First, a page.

A new editorial has just been published in ecancermedicalscience which aims to explain the value that case reports bring to medical progress and debunk some of the myths that surround them.
Dr Priya Ranganathan and co-authors describe the benefits that a well-written case report can bring to the literature and provides pointers on how to improve their educational value. The authors report on the usual reasons for rejection of submitted case reports (lack of originality, use of scientifically or ethically unacceptable methods or wrong choice of journal) and add that the most common reason a case report is rejected is the misconception of authors that the ‘rarity’ of an occurrence warrants reporting. This is not enough - the report has to carry a clear message which should have the potential to translate into further definitive research.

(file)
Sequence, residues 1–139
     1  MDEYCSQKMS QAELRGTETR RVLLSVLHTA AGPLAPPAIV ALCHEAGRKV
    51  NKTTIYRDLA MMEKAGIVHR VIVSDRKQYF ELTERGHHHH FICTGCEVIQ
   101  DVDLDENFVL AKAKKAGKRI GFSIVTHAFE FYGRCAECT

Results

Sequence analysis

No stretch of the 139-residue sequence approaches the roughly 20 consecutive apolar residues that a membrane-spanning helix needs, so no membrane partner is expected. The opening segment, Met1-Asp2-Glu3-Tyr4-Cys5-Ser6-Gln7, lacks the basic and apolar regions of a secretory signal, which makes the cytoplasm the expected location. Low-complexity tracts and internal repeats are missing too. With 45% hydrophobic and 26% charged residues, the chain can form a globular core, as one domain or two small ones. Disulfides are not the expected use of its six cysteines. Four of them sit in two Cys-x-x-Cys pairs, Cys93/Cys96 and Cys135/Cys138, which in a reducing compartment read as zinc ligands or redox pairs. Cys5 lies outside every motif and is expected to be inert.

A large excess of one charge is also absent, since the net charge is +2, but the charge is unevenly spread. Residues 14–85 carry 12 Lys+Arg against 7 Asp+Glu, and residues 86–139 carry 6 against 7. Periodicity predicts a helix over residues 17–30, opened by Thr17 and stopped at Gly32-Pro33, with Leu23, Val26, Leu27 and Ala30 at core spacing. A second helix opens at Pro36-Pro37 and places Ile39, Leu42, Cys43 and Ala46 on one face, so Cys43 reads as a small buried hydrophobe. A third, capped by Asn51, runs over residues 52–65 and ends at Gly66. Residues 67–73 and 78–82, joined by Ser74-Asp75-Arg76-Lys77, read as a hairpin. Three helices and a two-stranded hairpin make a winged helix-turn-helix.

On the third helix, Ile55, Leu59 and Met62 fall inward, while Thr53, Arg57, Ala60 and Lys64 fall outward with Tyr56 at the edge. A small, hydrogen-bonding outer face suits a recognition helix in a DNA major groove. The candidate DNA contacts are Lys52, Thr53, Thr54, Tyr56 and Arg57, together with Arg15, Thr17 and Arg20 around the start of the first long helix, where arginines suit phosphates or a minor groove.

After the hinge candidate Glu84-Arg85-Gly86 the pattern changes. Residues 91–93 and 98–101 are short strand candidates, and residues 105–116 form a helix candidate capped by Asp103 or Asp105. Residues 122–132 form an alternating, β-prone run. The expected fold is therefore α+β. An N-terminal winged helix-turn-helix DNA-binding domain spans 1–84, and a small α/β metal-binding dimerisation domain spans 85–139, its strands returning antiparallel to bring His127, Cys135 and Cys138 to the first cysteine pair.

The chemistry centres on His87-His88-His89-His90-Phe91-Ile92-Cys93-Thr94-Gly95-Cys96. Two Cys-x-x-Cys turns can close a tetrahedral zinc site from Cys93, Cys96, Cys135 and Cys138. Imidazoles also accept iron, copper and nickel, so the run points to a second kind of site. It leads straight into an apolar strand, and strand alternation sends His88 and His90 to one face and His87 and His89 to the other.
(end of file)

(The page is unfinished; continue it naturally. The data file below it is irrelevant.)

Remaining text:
The authors end with the message that, although case reports cannot compete with clinical trials or systematic reviews in the pyramid of evidence-based medicine, they contribute to science in their own way and have an important place in biomedical literature.
The World Cancer Declaration recognises that to make major reductions in premature deaths, innovative education and training opportunities for healthcare workers in all disciplines of cancer control need to improve significantly.
ecancer plays a critical part in improving access to education for medical professionals.
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